Different New Year’s Traditions

Post Time: 2019-02-15


Feroz Basheer from India (known as 麦克 in Chinese) is a China expert. He not only speaks Chinese well but also knows much about Chinese culture and customs, and even some specific customs of Jinhua.

One year after graduating from university, Fezoz was hired by a company in Taiwan and was sent to work in Guangzhou. Because of the language barrier, he encountered many difficulties at first. “I had no choice but learning Chinese,” he recalls. Having no opportunity to systematically learn Chinese pinyin, characters, strokes, etc., Fezoz could only depend on his memory. Gradually, Fezoz began to speak Chinese more and more fluently and the inconveniences in his life and work disappeared.

Later, Fezoz moved to Ningbo. While working in Ningbo, he met and married a woman there. Five years ago, he was hired by Zhejiang Well Shine Industry & Trade Co., Ltd. as the general manager of the development department. He was also the team leader of international export sales. In 2015, because of his outstanding performance, Fezoz won the West Lake Friendship Award of Zhejiang Province (established by the provincial government for internationals who make prominent contributions to the economic and social development of Zhejiang).

“I like the environment in China, where people are efficient, transport is convenient, and the Internet speed is fast,” said Fezoz. Over his 18 years in China, he has witnessed the country’s high-speed development and great changes in Jinhua. Fezoz said that in recent years, not only have China’s large cities developed rapidly, but prefecture-level cities like Jinhua have also.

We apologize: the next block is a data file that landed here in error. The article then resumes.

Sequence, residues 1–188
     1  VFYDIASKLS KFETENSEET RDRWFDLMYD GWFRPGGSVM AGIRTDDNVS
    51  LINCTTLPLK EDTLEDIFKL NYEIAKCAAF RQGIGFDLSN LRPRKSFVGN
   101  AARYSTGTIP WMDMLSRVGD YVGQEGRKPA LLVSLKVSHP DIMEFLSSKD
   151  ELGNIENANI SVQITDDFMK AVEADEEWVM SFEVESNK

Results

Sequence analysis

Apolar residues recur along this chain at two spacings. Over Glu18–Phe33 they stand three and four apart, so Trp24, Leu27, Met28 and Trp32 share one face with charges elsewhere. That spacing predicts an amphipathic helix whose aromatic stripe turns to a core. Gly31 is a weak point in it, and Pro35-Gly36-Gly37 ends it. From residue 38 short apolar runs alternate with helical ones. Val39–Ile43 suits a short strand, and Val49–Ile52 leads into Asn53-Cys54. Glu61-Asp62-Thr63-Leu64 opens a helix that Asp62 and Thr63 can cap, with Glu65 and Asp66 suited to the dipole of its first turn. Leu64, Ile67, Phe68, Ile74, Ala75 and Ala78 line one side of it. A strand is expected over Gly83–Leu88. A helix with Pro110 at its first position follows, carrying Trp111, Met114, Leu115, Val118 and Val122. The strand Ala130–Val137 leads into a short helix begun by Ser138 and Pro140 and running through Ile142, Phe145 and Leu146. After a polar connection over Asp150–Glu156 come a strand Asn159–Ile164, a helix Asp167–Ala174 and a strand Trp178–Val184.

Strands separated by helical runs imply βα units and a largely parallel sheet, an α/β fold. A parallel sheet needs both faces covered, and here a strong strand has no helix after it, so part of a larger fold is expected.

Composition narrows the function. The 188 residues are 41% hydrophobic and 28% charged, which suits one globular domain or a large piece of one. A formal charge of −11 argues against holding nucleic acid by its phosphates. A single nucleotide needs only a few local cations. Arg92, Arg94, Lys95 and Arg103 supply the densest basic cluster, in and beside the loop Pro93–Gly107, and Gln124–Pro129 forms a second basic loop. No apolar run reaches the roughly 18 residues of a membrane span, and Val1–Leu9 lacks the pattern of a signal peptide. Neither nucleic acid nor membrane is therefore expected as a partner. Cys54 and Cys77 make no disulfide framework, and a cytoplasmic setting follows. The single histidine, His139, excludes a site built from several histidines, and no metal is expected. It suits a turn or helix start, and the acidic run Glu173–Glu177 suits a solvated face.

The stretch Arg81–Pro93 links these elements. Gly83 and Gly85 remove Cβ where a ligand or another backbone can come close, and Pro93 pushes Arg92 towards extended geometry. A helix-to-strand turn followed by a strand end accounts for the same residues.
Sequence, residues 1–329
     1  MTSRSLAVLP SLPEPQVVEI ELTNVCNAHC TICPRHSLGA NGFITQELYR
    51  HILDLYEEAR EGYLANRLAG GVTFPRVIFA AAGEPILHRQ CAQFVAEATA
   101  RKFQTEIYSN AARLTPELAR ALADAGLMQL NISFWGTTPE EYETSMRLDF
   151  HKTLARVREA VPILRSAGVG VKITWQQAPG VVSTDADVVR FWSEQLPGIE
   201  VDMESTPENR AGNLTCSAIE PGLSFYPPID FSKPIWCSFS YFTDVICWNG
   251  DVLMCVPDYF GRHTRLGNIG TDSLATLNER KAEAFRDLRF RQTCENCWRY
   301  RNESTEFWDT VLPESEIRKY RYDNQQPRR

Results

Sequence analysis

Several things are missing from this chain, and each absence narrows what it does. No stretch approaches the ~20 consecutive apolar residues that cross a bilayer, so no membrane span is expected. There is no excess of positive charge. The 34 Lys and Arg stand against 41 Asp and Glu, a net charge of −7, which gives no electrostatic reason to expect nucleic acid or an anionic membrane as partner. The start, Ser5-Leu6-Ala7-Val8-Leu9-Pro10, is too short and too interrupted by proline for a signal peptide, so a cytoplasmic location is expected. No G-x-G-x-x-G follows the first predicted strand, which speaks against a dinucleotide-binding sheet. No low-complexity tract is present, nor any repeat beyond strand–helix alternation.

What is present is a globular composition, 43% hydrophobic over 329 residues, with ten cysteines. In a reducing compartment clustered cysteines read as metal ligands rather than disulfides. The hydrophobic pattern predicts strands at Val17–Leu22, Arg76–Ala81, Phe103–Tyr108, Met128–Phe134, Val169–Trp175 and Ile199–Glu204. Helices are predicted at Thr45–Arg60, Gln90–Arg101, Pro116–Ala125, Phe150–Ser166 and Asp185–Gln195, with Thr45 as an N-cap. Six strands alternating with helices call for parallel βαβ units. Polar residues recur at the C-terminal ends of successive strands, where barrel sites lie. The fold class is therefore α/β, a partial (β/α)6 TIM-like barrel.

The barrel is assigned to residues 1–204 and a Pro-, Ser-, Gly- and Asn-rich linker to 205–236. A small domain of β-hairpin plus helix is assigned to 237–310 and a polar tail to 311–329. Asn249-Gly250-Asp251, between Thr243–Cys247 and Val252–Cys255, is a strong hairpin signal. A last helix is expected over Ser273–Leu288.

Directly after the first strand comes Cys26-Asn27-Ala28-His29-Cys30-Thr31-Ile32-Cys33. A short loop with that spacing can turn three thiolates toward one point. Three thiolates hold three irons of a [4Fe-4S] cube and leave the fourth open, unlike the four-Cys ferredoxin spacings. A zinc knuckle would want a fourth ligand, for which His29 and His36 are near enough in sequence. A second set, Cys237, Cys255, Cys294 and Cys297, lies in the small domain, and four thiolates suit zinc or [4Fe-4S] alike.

In India, the most important festival is India’s New Year, and different provinces of India have different New Year’s Days.

“My home is the province of Kerala in South India. The New Year’s Day of our province is on the day of spring equinox. On New Year’s Day, people make patterns and decorations with petals and rice on the ground. Family members wear traditional clothes and gather together, dancing and playing games. In addition, food is also an important part. We eat food, including a variety of fruit, rice, noodles, and snacks, from a large banana leaf. One person can have one leaf with over 20 kinds of food on it,” said Fezoz. The food on the banana leaf is similar to China’s family reunion dinner on Chinese New Year’s Eve, though Indian people eat the food at noon.

The New Year’s Day of Fezoz’s hometown is also a festival of lights. “On New Year’s Day, each family lights many oil lamps, which are symbols of hope, prosperity, and happiness. In my family, we light over 100 oil lamps.”

“We have many different New Year’s Days in India, so not all of the people go back to their hometown to celebrate the New Year’s Days of their own provinces. This is very different from China: when the Chinese New Year is coming, most people do everything they can to return home. Especially on the New Year’s Eve and in the first several days of the first month of the lunar year, there are few people on street and most of the shops are closed. I guess there is no other country which pays so much attention to the New Year Celebration,” Fezoz commented, happy with his life in China. (By Wu Junfei, translated by Jin Haiqiong, edited by Kendra Fiddler)


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